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What is the school procedure for identifying children with additional needs?

A summary of how we identify children with special educational needs or a disability is detailed below. For a full description, please see our SEND Policy.

 

Concern: We aim to identify children with special educational needs as early as possible in their school career. Any concerns regarding your child's attainment and progress will initially be discussed at parents' evenings or at separate meetings at the request of the class teacher or parents. If a class teacher has on-going or serious concerns about a child these concerns will be discussed with the Inclusion Leader, who may suggest that the class teacher should monitor the child’s progress or behaviour for a period of time. Once this concern has been registered the class teacher will work closely with the child in the normal classroom context; observing the child’s progress and behaviour and ensuring any extra help available will be targeted for the child, eg support from a Teaching Assistant.  The triggers for intervention could be the teacher’s or other’s concerns, underpinned by evidence about a child who, despite receiving differentiated learning opportunities:

 

  • Makes little or no progress even when teaching approaches are targeted particularly in a child’s identified area of weakness.
  • Shows signs of difficulty in developing literacy and mathematics skills, which result in poor attainment in some curriculum areas.
  • Presents persistent emotional or behavioural difficulties.
  • Has sensory or physical problems, and continues to make little or no progress despite the provision of specialist equipment.
  • Has a communication and/or interaction difficulty.

 

Stage 1: If the class teacher is still concerned after a period of monitoring a decision will be made, in conjunction with the Inclusion Leader, about whether the child needs to go on the SEND register at the level of SEN Support.  The Inclusion Leader will then write to the parents about the child’s needs, offering them a meeting if required. A decision may be reached at that meeting to begin SEN Support, in which case the child’s name must be entered on the SEND Register and the class teacher must include the pupil in their SEND file and provision map for that class.  Children at this stage should be offered extra support from within the schools resources (eg, the Five Minute Box, Number Box, Switch on, Interactive Music, Social Skills) and this will be recorded on the class provision map.

 

Stage 2: If the class teacher is still concerned after a further period of monitoring, a decision will be made by the Inclusion Leader and Head teacher about whether outside agency support needs to be sought from the school’s Educational Psychologist (EP) and any other assessing professionals, (eg Inclusive Education Service, CAMHS). A meeting will be arranged with parents to discuss the concerns and for consent to be given to involve the appropriate assessing professionals. The Inclusion Leader in conjunction with the class teacher will provide them with up to date information about the pupil, including all previous interventions.  It is likely that this decision may come after it becomes clear that, despite appropriate interventions, the pupil is failing to access the curriculum at an appropriate level.  At this stage external support services, both those provided by the LA and by outside agencies, will usually see the child. This will occur in school if that is appropriate and practicable, so that they can advise teachers on Provision Map targets and accompanying strategies.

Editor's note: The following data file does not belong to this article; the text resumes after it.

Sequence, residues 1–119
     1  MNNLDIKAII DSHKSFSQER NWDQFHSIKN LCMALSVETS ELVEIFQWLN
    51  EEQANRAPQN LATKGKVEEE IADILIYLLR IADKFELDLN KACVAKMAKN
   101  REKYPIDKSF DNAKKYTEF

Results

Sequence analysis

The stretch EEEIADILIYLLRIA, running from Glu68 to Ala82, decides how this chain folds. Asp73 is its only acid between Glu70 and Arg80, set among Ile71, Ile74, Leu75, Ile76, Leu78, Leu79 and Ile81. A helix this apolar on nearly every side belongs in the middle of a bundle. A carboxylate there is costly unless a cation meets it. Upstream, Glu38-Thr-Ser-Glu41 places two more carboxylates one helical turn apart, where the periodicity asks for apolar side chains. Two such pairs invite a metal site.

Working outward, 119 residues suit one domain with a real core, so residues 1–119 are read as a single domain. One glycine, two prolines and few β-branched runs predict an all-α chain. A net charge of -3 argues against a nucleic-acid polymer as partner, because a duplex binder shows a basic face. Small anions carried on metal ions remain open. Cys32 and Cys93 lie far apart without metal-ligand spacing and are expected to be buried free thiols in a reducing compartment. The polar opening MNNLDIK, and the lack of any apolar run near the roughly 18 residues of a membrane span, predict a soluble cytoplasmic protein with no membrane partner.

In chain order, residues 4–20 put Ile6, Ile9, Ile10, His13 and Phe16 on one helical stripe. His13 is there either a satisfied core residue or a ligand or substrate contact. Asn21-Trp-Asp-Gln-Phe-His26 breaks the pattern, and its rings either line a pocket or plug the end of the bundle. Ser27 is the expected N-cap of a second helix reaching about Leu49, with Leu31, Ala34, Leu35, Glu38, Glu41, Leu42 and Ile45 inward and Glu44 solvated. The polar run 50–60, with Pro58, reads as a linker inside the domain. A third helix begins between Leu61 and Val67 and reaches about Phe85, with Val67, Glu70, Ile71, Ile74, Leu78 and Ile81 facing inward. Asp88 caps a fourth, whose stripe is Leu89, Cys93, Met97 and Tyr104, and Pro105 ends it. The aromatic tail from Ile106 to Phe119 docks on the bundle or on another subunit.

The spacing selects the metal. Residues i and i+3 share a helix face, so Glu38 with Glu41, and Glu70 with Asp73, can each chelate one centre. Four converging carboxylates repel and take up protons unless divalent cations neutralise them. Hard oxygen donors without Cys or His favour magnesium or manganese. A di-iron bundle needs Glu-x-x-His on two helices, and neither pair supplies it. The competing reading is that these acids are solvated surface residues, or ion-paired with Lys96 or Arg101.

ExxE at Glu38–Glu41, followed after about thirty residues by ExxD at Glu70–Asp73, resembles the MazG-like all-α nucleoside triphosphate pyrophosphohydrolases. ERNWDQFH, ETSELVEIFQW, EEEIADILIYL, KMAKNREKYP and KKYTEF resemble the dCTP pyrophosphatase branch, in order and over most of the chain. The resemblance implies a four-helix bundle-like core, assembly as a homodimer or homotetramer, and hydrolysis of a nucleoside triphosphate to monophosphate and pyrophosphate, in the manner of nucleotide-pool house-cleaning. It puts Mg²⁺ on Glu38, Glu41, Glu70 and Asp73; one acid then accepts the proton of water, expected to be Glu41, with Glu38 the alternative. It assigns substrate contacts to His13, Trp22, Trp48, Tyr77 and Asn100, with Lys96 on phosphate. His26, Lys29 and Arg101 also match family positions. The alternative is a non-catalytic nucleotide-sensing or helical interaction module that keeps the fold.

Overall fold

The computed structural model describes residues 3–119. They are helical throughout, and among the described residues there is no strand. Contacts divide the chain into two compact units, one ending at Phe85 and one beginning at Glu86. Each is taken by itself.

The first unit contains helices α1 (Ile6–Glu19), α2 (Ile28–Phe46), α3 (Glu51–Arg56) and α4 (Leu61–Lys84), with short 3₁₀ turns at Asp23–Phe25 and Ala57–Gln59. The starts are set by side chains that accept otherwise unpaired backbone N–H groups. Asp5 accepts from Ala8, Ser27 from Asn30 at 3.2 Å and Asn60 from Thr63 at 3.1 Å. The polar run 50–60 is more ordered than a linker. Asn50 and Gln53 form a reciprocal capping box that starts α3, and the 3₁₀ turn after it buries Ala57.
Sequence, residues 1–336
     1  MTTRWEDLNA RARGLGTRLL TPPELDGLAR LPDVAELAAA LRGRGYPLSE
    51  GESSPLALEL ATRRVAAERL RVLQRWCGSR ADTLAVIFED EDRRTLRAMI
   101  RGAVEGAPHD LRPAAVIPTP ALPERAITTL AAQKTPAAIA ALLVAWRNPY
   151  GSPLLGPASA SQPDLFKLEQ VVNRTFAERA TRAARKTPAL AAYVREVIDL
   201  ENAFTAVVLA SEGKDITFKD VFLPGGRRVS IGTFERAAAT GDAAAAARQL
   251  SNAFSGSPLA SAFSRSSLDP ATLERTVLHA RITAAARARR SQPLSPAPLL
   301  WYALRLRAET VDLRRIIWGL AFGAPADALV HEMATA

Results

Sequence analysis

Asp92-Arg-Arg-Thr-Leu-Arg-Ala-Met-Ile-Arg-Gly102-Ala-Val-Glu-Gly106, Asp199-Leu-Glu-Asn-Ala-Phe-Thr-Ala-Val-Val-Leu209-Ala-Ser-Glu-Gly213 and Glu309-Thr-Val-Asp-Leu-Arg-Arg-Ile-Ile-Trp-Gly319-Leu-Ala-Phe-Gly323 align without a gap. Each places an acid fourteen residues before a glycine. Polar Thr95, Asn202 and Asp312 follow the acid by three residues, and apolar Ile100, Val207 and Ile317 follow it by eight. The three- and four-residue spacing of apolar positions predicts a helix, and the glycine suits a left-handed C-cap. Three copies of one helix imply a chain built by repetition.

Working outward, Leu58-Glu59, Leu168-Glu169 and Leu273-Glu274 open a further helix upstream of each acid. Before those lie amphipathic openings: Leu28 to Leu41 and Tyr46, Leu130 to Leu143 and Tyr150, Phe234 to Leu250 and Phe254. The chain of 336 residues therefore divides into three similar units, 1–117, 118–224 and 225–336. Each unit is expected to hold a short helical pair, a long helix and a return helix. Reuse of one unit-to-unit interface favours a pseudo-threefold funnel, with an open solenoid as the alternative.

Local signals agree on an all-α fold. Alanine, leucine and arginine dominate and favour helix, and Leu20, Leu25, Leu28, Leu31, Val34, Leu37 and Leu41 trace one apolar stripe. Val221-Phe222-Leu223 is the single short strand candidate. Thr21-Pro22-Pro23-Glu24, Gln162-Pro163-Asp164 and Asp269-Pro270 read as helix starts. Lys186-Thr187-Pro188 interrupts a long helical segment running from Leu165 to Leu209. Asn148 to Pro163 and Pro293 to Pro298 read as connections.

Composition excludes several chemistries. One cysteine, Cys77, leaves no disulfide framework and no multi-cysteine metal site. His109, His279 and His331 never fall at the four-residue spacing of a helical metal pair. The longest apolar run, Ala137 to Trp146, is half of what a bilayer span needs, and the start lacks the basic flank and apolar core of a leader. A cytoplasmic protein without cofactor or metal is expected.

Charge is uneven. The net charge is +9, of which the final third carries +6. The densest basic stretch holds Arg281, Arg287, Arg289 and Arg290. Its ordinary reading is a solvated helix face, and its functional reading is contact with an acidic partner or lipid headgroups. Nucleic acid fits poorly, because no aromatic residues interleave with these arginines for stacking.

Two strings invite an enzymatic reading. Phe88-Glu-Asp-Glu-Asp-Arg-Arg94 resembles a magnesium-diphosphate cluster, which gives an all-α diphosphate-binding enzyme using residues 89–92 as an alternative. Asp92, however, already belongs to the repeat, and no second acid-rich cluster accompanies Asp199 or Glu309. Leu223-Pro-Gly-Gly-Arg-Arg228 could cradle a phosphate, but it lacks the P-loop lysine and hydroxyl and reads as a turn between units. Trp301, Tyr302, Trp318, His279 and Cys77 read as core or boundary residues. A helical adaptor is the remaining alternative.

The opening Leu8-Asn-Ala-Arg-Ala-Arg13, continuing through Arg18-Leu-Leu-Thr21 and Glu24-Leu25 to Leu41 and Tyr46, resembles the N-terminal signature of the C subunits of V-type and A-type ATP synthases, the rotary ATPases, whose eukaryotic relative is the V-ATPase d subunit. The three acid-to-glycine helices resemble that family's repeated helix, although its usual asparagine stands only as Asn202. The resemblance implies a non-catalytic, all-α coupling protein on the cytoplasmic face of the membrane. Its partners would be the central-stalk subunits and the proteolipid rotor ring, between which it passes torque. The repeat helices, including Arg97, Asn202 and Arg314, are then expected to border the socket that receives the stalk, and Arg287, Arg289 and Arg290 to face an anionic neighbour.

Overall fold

The triggers for involving specialist agencies are:

 

  • Continues to make little or no progress in specific areas over a long period.

  • Continues working at National Curriculum levels substantially below that expected of children of a similar age.

  • Continues to have difficulty in developing literacy and mathematics skills.

  • Has an emotional or social difficulty, which results in behaviour that substantially and regularly interferes with the child’s own learning or that of the class group, despite having an individualised behaviour management programme.

  • Has sensory or physical needs, and requires additional specialist equipment or regular advice or visits by a specialist service.

  • Has an on-going communication or interaction difficulty that impedes the development of social relationships and cause substantial barriers to learning.

  • Interventions put in place by the school have had little or no impact on learning or progress.

     

    Progression to Education Health and Care Plans (EHCPs) (formally a Statement of Special Educational Needs)

     

    If after advice from the EP or other professionals, the school and parents consider that help is needed from outside the school’s resources, the Inclusion Leader will advise the parent of the process of applying for an EHCP from the Local Authority and organise a Person Centred Review (PCR). This review will inform the decision by the Nottingham City Council SEN team about whether a formal assessment will take place.

     

    The EHCP replaces the Statement of Special Needs from Sept 2014. It will provide the same statutory protection as the Statement of SEN. However, because it covers children and young people from birth to the age of 25, it will extend the rights and protections to young people in further education and training. The EHCP will be reviewed at least annually to maintain its relevance to the child/young person. The EHCP will be laid out in a much more person centred format, and the annual meetings are designed to be more child-led. Children who have currently hold a Statement of SEN will have their Statement converted to an EHCP within the next 2½ years.

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